It is a grim reality that people in need of life-saving organ transplants must go downhill in order to rise up on the waiting list.

For Andrew Furr, organizer the past several years of the annual Grove City Community Parade, things went so far down physically, it didn't look like up was going to arrive in time.

Wife Mary was forced, much against her wishes, to contemplate life without her husband of 18 years, the father of their three children.

"To be honest, I felt like I would lose him," Mary Furr said last week. "I didn't think he would be here this summer."

Andy Furr is not only still here this summer, but he's sufficiently recovered from liver replacement surgery Feb. to be ready to put together the Community Parade -- once he can get a pesky little knee replacement operation out of the way.

Andy Furr was born in Chillicothe but grew up in Grove City. After graduating from Grove City High School in 1983, he worked for a time at Grant Medical Center before spending three years as a firefighter with the Scioto Township Fire Department in Pickaway County. After that he worked in construction management until 2004, when he switched over to a company that serviced gas pumps and other equipment at service stations.

The troubles that would put him on an operating table at the Cleveland Clinic this past winter started on July 1, 2006, when Furr experienced some internal bleeding.

He was diagnosed with cirrhosis of the liver.

Most people associate the condition with prolonged and severe alcohol abuse, but in Furr's case it was the result of something called Alpha-1 Antitrypsin Deficiency, a genetic disorder that can cause lung disease in adults and liver disease in both adults and children.

As a result of Andy Furr having the inherited condition, the couple's middle child, Christopher, 15, has also been diagnosed with Alpha-1 Antitrypsin Deficiency and has begun receiving treatment. Andy and Mary Furr have another son, 16-year-old Joshua, and a daughter, Rachel, 13.

For a time, treatment kept Andy Furr's cirrhosis of the liver under control. But only for a time.

By last September, Furr said, his "symptoms really started hitting." The decrease in liver function would cause the ammonia levels in his body, particularly in his brain, to "skyrocket."

This resulted at times in a coma, but on other occasions in loss of control. Furr actually hit, kicked and even spat at people, entirely unaware. At times he had to be placed in restraints. During November and December of last year, Furr was home from Mount Carmel West for all of five days.

On Dec. 21, he was transported to the Cleveland Clinic for an evaluation and placed on the list for a liver transplant.

Furr was told the call might come that night, but then again it might not come for three weeks and it might not come for six months.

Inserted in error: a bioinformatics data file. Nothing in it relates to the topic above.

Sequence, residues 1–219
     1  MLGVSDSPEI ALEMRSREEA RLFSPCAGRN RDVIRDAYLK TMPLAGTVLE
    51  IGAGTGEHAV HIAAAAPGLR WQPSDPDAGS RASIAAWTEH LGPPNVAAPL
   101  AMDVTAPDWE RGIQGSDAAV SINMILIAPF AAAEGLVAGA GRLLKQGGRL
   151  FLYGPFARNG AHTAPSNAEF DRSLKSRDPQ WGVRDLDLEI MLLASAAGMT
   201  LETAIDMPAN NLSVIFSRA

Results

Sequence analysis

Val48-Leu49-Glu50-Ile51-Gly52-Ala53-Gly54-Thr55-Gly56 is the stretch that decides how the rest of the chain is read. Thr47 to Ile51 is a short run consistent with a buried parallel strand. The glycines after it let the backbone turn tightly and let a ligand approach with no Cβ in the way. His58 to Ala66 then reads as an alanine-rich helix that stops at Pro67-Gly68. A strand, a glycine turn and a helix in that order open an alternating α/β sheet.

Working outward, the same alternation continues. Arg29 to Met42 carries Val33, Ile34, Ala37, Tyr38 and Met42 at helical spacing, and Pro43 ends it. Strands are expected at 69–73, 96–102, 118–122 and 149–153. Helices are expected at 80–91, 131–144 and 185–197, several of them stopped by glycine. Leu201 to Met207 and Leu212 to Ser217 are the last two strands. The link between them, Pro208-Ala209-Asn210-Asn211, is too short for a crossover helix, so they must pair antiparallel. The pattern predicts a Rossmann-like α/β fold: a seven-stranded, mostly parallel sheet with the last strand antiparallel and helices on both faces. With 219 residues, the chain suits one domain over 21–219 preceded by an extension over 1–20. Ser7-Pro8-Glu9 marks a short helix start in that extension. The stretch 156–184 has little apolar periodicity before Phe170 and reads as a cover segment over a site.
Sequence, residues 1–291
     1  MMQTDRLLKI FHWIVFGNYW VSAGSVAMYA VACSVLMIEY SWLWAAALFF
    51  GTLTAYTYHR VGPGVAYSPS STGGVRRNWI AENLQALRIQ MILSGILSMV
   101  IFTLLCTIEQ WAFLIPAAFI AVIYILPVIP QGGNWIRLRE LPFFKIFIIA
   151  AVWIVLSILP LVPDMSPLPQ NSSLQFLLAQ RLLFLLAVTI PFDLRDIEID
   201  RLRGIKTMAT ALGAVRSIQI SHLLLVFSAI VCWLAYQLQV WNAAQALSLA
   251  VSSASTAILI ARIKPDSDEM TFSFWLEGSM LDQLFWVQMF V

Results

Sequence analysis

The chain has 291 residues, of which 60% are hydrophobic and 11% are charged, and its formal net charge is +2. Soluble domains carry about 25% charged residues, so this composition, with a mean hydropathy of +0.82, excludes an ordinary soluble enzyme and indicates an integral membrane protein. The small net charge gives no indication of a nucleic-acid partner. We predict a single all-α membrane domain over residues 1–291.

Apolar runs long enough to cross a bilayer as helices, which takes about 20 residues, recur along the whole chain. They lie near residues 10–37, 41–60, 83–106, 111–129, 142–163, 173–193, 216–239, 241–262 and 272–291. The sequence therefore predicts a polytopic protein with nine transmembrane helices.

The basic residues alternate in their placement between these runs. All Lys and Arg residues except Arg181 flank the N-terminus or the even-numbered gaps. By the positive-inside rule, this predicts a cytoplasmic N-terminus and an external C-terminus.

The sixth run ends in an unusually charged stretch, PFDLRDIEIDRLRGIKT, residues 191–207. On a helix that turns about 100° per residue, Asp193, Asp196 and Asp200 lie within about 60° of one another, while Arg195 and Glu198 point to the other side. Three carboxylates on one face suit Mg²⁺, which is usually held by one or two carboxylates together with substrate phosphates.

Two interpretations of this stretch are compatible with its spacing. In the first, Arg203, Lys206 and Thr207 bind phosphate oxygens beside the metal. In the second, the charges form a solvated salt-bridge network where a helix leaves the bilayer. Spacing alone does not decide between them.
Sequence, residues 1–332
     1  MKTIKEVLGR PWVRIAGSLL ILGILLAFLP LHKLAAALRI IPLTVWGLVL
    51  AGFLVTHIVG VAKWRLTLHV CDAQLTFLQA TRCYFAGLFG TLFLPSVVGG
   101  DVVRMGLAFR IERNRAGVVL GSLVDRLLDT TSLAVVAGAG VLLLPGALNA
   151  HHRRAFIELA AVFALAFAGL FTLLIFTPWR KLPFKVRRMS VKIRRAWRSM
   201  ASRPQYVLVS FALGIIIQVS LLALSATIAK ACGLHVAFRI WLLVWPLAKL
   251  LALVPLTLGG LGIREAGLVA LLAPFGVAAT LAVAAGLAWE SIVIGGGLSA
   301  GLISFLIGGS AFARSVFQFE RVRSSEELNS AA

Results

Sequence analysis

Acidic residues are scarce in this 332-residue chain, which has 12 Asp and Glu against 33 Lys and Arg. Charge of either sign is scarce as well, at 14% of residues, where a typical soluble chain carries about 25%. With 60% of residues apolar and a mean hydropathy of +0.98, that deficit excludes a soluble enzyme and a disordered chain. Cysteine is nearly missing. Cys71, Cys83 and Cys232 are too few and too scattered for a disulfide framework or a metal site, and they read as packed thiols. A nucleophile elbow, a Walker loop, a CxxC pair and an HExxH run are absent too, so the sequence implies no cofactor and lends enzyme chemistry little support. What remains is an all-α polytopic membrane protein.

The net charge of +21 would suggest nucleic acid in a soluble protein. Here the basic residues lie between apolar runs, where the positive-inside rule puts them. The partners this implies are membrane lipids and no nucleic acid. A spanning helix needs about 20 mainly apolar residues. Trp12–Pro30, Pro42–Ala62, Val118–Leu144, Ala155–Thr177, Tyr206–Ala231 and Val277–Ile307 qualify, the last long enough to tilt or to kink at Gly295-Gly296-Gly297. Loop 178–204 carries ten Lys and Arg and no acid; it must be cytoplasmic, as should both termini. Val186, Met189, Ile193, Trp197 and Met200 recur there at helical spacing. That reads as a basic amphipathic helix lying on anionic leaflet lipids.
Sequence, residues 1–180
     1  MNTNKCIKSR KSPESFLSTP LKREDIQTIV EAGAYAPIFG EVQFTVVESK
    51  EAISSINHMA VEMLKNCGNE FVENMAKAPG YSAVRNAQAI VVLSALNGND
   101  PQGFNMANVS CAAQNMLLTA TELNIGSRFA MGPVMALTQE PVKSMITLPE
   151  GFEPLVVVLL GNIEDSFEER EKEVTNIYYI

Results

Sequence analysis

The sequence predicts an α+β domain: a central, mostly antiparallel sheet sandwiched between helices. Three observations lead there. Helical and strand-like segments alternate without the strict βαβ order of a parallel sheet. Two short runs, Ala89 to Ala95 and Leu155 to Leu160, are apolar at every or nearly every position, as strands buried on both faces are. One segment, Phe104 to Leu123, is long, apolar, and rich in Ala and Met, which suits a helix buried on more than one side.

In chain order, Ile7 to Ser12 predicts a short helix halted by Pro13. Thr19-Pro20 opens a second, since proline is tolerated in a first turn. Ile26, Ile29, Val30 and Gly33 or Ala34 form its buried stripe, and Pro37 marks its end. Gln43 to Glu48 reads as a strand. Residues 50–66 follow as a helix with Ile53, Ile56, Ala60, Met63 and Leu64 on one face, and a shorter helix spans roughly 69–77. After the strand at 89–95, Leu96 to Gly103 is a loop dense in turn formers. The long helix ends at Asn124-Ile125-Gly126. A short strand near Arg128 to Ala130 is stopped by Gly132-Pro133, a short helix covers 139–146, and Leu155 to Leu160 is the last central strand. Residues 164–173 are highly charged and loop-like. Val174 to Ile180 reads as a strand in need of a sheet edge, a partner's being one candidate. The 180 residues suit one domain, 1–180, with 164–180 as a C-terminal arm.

Andy Furr might not have had six months.

His kidneys began to fail, putting his life at even greater risk but also pushing him up the list. "The call" finally came in at 11:34 p.m. on Feb. 21.

"It was such a relief," Mary Furr said.

Their joy, however, was tempered with the knowledge that Andy's shot at a longer life came at the expense of another person's.

"Someone's loss is our gain," Mary Furr said.

Andy Furr's operation took place the day after the call, and it was a complete success.

"I pinked right up," Furr said, adding that his doctors have been pleased with his recovery.

Furr, who became involved with the annual parade as a means of giving back to a community he feels has given him so much, had his faith in that community renewed as a result of his brush with ill health and lengthy recovery. Friends of the family conducted benefits, he said. Some members of First Baptist Church of Grove City, which the Furrs attend, gave up their Christmas, donating money to the family instead of buying one another presents, his wife said. Mary Furr ran into Andy's second-grade teacher at a diner, and was immediately presented with a check to help them out.

"It just was overwhelming, the support of the community," Andy Furr said. "It kind of reinstills your belief that people are good."

Andy Furr volunteered to help out with the annual event eight or nine years ago, when James F. Hale, executive director of the Grove City Area Visitors and Convention Bureau, handled the organizing duties.

"Andy first came to the parade just as a volunteer," Hale recalled last week. "He didn't come with any specific job in mind. He said, 'I'm here and I'll just do whatever you say.' He had such a strong attitude toward wanting to see this parade succeed and move forward, I was just impressed with him from day one."

When Hale decided he had to give up parade director duties to concentrate on his work for the tourism bureau, it seemed only natural to ask Furr to move in and take over.

"Every year I always said I'll never do it again," Furr said. "Then the day after we pull it off I'm ready to start all over."

This year's Grove City Community Parade is set for Saturday, Sept. 20. The theme is "Making History."

Andy Furr intends to be around to see more parades become a part of Grove City's history.